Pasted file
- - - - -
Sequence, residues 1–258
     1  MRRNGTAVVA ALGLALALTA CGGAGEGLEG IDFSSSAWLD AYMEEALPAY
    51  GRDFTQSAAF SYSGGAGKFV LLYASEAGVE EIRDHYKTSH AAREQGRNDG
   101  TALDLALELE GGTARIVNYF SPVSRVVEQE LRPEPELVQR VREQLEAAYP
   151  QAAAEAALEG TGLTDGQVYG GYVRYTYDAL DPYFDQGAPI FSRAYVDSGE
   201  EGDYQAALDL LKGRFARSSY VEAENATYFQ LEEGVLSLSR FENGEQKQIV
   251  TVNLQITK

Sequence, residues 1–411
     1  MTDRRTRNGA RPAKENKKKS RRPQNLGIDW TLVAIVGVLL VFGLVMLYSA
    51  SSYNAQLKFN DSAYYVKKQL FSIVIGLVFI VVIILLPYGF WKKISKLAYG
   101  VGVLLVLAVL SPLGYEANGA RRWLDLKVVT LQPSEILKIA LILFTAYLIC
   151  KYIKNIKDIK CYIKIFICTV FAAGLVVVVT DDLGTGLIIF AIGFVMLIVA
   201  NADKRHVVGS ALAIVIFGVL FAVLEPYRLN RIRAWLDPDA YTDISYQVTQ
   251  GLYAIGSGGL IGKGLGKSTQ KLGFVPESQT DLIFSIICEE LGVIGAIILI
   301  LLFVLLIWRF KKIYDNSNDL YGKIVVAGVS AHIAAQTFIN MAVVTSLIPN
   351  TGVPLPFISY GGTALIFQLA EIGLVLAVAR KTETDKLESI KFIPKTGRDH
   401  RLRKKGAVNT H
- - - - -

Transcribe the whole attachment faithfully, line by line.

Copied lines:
Sequence, residues 1–258
     1  MRRNGTAVVA ALGLALALTA CGGAGEGLEG IDFSSSAWLD AYMEEALPAY
    51  GRDFTQSAAF SYSGGAGKFV LLYASEAGVE EIRDHYKTSH AAREQGRNDG
   101  TALDLALELE GGTARIVNYF SPVSRVVEQE LRPEPELVQR VREQLEAAYP
   151  QAAAEAALEG TGLTDGQVYG GYVRYTYDAL DPYFDQGAPI FSRAYVDSGE
   201  EGDYQAALDL LKGRFARSSY VEAENATYFQ LEEGVLSLSR FENGEQKQIV
   251  TVNLQITK

Sequence, residues 1–411
     1  MTDRRTRNGA RPAKENKKKS RRPQNLGIDW TLVAIVGVLL VFGLVMLYSA
    51  SSYNAQLKFN DSAYYVKKQL FSIVIGLVFI VVIILLPYGF WKKISKLAYG
   101  VGVLLVLAVL SPLGYEANGA RRWLDLKVVT LQPSEILKIA LILFTAYLIC
   151  KYIKNIKDIK CYIKIFICTV FAAGLVVVVT DDLGTGLIIF AIGFVMLIVA
   201  NADKRHVVGS ALAIVIFGVL FAVLEPYRLN RIRAWLDPDA YTDISYQVTQ
   251  GLYAIGSGGL IGKGLGKSTQ KLGFVPESQT DLIFSIICEE LGVIGAIILI
   301  LLFVLLIWRF KKIYDNSNDL YGKIVVAGVS AHIAAQTFIN MAVVTSLIPN
   351  TGVPLPFISY GGTALIFQLA EIGLVLAVAR KTETDKLESI KFIPKTGRDH
   401  RLRKKGAVNT H